A comparison between acute exposures to ethanol and acetaldehyde on neurotoxicity, nitric oxide production and NMDA-induced excitotoxicity in primary cultures of cortical neurons

Jiz Yuh Wang, Ju Yu Wang, Yung Wang, Jia Yi Wang

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8 Citations (Scopus)


Chronic exposure of primary neuronal cultures to ethanol has been shown to potentiate N-methyl-D-aspartate (NMDA) receptor-mediated processes, such as nitric oxide (NO) formation and excitotoxicity. In the present study, we compared the effects of acute ethanol and acetaldehyde on NMDA receptor-mediated excitotoxicity and NO production in primary cultures of rat cortical neurons. The delayed cell death induced by NMDA (300 mM, 25 min) was evaluated by morphological examination and by measuring the release of the cytotoxic indicator, lactate dehydrogenase, in the culture media 24 hours after the NMDA exposure. The accumulation of nitrite, as an index of NO production, was also measured 24 hours after NMDA treatment. NMDA caused a dose-dependent cell death and nitrite accumulation, both effects were blocked by pretreatment of MK-801 (100 μM). Acute exposure to ethanol (1-1000 mM) or acetaldehyde (0.1-1 mM) for 35 minutes did not affect neuronal viability in the following 24-hr period. However, acute exposure to acetaldehyde (≥ 10 mM) was neurotoxic. Neither ethanol nor acetaldehyde changed basal nitrite levels in the culture media. Acute ethanol (50-400 mM, 10 min) given before the NMDA treatment (25 min) resulted in a concentration-dependent suppression of the delayed cell death. The NMDA-induced NO production was, however, not affected by ethanol. Neither the NMDA excitotoxicity nor NO production was affected by acute ethanol given after NMDA treatment. Acute acetaldehyde (0.01-0.5mM, 10 min) given before or after NMDA treatment had no effect on delayed NMDA neurotoxicity and NO production. Our data suggest that acute exposure to ethanol is not neurotoxic and is even protective against delayed NMDA-excitotoxicity when given before but not after NMDA treatment. Neither NO nor metabolism of ethanol to acetaldehyde is required for ethanolmediated suppression of NMDA excititoxicity. Acetaldehyde, on the other hand, is toxic by itself at low concentrations (≥10 mM). Furthermore, acute exposure to non-toxic concentrations of acetaldehyde could not protect cortical neurons against NMDA-induced excitotoxicity.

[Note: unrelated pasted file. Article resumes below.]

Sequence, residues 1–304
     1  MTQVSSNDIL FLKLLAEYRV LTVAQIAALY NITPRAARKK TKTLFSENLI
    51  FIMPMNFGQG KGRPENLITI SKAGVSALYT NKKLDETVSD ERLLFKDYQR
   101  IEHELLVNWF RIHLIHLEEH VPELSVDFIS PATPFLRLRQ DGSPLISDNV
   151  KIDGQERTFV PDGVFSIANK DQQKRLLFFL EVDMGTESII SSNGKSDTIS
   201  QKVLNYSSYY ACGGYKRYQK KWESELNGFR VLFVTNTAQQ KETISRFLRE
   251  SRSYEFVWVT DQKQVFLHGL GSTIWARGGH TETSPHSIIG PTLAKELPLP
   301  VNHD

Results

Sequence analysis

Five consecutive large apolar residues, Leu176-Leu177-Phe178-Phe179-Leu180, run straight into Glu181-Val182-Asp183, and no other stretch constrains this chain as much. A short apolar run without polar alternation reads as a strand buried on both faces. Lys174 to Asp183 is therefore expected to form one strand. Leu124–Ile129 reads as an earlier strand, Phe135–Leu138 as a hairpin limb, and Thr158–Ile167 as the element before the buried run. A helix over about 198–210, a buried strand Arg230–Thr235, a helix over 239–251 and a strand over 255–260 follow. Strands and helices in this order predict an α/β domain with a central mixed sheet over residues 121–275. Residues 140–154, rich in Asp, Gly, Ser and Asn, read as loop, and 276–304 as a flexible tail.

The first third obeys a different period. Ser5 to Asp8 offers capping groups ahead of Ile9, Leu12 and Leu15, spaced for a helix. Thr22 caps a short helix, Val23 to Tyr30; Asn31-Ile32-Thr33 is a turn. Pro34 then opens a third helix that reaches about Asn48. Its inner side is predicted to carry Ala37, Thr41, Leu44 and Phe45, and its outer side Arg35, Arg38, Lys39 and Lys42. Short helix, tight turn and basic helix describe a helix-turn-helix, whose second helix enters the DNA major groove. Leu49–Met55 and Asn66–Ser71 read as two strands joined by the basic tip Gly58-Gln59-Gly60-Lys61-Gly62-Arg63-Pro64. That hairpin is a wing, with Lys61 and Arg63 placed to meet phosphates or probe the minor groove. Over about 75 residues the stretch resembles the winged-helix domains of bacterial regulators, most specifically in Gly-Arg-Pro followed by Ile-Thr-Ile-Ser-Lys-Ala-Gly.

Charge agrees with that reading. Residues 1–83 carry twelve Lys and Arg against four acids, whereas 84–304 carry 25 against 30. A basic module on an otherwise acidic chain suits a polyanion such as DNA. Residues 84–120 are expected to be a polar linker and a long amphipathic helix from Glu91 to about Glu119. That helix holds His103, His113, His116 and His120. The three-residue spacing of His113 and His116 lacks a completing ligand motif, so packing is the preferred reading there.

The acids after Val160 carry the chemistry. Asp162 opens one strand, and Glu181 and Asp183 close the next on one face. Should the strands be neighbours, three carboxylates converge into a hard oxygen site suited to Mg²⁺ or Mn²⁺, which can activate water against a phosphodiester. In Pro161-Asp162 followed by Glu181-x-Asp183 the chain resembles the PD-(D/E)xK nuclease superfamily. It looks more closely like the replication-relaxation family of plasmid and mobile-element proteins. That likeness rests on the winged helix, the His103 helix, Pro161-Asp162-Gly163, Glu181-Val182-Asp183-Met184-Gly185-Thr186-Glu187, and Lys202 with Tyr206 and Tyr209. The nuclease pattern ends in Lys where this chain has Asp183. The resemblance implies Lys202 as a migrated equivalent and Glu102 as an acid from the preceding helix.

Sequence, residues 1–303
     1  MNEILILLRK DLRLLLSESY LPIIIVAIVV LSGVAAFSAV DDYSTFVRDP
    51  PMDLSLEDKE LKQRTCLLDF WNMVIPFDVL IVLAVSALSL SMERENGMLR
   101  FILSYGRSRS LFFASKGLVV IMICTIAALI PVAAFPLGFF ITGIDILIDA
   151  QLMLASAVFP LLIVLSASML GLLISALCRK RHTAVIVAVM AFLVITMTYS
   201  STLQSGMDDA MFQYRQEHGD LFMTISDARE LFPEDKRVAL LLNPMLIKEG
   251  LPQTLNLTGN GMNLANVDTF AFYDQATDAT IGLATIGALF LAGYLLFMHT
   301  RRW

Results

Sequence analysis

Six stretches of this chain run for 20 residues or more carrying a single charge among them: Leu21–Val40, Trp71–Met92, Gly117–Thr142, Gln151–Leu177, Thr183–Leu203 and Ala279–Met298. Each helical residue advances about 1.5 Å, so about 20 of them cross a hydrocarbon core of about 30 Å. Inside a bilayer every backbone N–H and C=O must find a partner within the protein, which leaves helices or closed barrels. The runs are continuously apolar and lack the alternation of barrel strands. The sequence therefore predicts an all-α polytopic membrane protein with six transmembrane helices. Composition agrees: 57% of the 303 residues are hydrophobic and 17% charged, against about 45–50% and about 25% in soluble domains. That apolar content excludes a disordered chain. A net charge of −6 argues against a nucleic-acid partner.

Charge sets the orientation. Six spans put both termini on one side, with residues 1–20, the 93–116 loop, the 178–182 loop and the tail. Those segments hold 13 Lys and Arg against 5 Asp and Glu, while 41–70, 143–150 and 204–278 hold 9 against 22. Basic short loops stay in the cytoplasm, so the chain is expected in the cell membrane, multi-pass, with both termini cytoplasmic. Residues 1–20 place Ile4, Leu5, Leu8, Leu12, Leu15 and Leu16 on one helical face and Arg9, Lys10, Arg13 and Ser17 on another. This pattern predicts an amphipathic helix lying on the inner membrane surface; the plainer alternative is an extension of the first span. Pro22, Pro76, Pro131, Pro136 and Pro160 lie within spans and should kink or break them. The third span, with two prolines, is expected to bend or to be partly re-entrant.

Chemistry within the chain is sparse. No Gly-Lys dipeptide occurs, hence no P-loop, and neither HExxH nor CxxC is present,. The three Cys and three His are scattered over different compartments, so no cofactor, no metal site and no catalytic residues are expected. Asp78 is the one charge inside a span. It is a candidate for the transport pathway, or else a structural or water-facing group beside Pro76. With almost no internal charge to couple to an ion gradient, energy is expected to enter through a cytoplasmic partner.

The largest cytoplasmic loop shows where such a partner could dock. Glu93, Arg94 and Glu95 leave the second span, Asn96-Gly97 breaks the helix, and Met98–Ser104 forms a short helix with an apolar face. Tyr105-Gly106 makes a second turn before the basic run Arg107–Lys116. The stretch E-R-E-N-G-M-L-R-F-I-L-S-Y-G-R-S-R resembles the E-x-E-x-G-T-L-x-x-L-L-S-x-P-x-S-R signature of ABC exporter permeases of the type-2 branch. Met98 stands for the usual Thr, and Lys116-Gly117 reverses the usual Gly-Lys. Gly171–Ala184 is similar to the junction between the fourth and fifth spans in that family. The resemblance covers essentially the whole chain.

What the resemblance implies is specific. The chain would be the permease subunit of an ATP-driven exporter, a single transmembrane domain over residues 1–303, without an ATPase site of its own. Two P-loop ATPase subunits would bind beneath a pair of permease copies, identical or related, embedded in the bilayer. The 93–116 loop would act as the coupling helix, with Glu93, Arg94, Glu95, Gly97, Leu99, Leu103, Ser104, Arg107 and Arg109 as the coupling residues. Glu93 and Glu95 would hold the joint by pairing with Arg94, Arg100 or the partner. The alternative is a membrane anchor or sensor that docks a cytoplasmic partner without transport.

Original languageEnglish
Pages (from-to)131-138
Number of pages8
JournalChinese Journal of Physiology
Issue number3
Publication statusPublished - Sep 30 2000
Externally publishedYes



  • Acetaldehyde
  • Cortical neurons
  • Ethanol
  • Neurotoxicity
  • Nitric oxide
  • NMDA

ASJC Scopus subject areas

  • Physiology

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